Good Foundations: Repentance by Dr Ern Baxter.
I began to touch last week on the vital importance of good foundations in the Christian life, when I was writing about the latest volume of the Newfrontiers magazine. Terry Virgo wrote in his Firstline;
"It could be argued, of course, that everything changed on the great resurrection morning when Jesus conquered death for ever, or perhaps on the triumphant day of Pentecost when the powerful Presence of God was poured out on the waiting disciples. New creation began! The long awaited eschatological kingdom was inaugurated!".
Beginnings matter! The old picture is of buttoning up a shirt. If you get the first button wrong then it doesn't matter whether all the other buttons are in the right hole, the whole shirt will be uncomfortable to wear. This was a passion of Ern Baxter's heart and he wrote the following article on "Repentance". I found it in a second hand copy of "Vintage Years - Selected Articles from New Wine's first decade: 1969-1979". So over to Ern:
"Before we discuss the subject of repentance, we first need to stress the importance of good foundations in the Christian life. Most of the problems we encounter as Christians and many impediments to our personal growth derive from our failure to have laid sound foundations at the very beginning. If we were to ask, most believers would probably say, "I've laid a good foundation" and yet in talking to those same people about repentance, it's amazing that most know nothing about it. Whoever brought them to the Lord failed to give them a sound beginning.
"All Have Sinned".
We can't talk about repentance without talking about sin. Although sin is a whole different subject, we must touch on it in discussing repentance because Jesus came, "Not to call the righteous but sinners to repentance" (Luke 5:32). "Repentance from good works" is exactly the way that this part of our "Christian foundation" is described. Dead works proceed from moral seperation and for every man outside of Jesus Christ, everything he does no matter what form sin takes in his life, is constituted dead works. Now you may say, "What do you mean 'the form sin takes'?". In the Roman epistle, Paul speaks of at least three kinds of sinners. First are the gross sinners. Most of us tend to look upon these as the "real" sinners - the homosexual, the immoral person, the idolater. The whole gross, senuous sordid mess of improper human relationships that find expression in the carnal appetites constitutes sin to many people.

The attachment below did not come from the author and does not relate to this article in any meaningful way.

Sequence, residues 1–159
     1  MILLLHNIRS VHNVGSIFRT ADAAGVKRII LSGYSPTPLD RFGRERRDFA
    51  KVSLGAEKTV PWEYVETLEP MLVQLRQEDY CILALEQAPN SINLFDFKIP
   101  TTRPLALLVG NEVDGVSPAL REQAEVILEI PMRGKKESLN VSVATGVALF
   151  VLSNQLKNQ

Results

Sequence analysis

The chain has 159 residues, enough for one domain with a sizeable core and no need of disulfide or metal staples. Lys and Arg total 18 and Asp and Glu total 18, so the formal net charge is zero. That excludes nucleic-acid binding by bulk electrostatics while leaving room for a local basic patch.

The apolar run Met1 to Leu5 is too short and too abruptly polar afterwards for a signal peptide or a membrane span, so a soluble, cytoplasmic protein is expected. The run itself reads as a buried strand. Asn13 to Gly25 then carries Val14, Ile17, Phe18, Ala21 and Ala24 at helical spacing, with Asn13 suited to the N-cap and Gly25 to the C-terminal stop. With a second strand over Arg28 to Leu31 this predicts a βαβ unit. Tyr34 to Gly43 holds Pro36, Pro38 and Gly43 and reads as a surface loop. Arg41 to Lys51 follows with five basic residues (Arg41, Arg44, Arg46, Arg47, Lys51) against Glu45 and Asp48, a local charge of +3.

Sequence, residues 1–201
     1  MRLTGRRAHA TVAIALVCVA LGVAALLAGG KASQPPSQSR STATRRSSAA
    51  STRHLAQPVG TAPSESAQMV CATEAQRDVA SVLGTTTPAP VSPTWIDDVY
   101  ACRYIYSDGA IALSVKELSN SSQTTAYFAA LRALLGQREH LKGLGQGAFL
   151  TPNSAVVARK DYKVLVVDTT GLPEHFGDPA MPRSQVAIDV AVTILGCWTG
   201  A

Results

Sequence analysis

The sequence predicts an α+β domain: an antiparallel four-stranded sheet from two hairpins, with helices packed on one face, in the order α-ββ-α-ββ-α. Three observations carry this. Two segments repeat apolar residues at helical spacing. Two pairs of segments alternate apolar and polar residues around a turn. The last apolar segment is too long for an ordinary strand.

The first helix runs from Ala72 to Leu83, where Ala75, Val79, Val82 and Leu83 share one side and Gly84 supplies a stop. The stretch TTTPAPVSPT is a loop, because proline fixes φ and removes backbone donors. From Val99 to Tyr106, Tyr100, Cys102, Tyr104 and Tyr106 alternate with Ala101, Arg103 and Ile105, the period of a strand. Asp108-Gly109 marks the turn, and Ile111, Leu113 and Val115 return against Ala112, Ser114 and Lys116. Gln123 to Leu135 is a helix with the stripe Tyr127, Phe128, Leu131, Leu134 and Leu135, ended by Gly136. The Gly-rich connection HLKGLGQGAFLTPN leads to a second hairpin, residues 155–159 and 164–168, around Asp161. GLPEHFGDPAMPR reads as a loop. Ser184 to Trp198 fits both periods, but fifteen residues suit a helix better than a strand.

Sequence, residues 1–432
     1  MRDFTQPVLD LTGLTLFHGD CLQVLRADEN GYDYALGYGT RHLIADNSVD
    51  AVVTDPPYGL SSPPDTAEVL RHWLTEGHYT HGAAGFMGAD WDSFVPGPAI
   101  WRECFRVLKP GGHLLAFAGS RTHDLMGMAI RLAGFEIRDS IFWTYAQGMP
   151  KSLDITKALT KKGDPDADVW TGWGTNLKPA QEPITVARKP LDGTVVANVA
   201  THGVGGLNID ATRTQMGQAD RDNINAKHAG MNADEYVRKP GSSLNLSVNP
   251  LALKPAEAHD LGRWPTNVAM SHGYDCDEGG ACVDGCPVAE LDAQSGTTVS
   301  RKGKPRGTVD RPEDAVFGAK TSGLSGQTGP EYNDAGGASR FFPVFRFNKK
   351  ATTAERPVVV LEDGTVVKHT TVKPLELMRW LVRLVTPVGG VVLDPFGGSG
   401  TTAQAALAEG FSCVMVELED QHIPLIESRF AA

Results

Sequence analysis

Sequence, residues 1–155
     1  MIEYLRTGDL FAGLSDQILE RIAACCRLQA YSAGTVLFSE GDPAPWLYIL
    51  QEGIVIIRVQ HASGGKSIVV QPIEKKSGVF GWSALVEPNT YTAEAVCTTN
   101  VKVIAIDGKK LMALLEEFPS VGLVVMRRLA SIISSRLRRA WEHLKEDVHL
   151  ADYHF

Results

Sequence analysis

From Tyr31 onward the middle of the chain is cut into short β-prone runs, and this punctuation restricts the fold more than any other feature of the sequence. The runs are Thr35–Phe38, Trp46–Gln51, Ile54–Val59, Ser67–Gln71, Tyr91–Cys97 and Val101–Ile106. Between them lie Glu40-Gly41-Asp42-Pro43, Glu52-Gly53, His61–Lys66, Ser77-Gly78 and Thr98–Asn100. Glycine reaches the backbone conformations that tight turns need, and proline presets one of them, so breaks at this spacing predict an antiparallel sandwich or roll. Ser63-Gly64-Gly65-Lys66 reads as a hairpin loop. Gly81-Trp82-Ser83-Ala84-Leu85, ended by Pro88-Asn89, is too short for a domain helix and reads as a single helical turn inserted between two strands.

But in the second chapter of Romans, Paul goes on to say, "Therefore thou art inexcusable, O man, whosoever thou art that judgest, for wherein thou judgest another, thou condemnest thyself; for thou that judgest doest the same things". Those who boast, "I don't stoop to that kind of human behaviour" I would call, "Philosophical sinners", "Academic sinners" or "intellectual sinners". They're too busy sinning with their brains to sin with their bodies, too busy trafficking in Freud and every other kind of literary unbelief to participate physically in sin. All their sinning takes place in their ivory towers.
Then there is a third class which Paul notes; the religious class and this is a touchy area. Paul said, "Behold thou art called a Jew ..." (Romans 1:17) and then proceeded to expose the hypocrisy of the religious sinner. Years ago I talked to a young Hindu man in India who told me that neither tobacco nor alcohol had ever touched his lips, nor had he ever laid hands on a girl. As he listed all the things he hadn't done, he sounded exactly like Saul of Tarsus, "... touching the righteousness which is in the law, blameless". But when I pressed the claims of Jesus Christ upon him, his response was to place his list of external moral accomplishments over and above Jesus Christ. Unwilling to confess the intellectual and "sophisticated" sin in his life, he claimed his own "religion" superseded God's prescribed righteousness. So when we talk about the basic nature of sin, we must realise that a sinner is not always characterised by gross sin.
In the New Testament there are 9 Greek words for sin and 21 lists of sin, consisting of 202 defined sins. Eliminating repetitions, we find 103 specific sins listed. Although it is important to view sin as definitive acts specified in God's word, there is a danger that we may fail to deal with the nature of sin. All works of unregenerate man, whether they be gross sinners, philosophical sinners or religious sinners emanate from moral death and are therefore dead works. They are the works of men dead in trespasses and sin. The essential principle of all sin is selfishness, most comprehensively defined in Isaiah 53:6, "All we like sheep have gone astray, we have turned every one to his own way and the Lord hath laid on him the iniquity of us all". "Everyone to his own way!". The equivalent in the New Testament is 2 Corinthians 5:15; "... he died for all that they which live should not henceforth live unto themselves but unto him which died for them and rose again". Isaiah and Paul are in agreement that sin is essentially; "doing what I want in any given situation as opposed to what God wants me to do in that situation". All of us have fallen into the trap.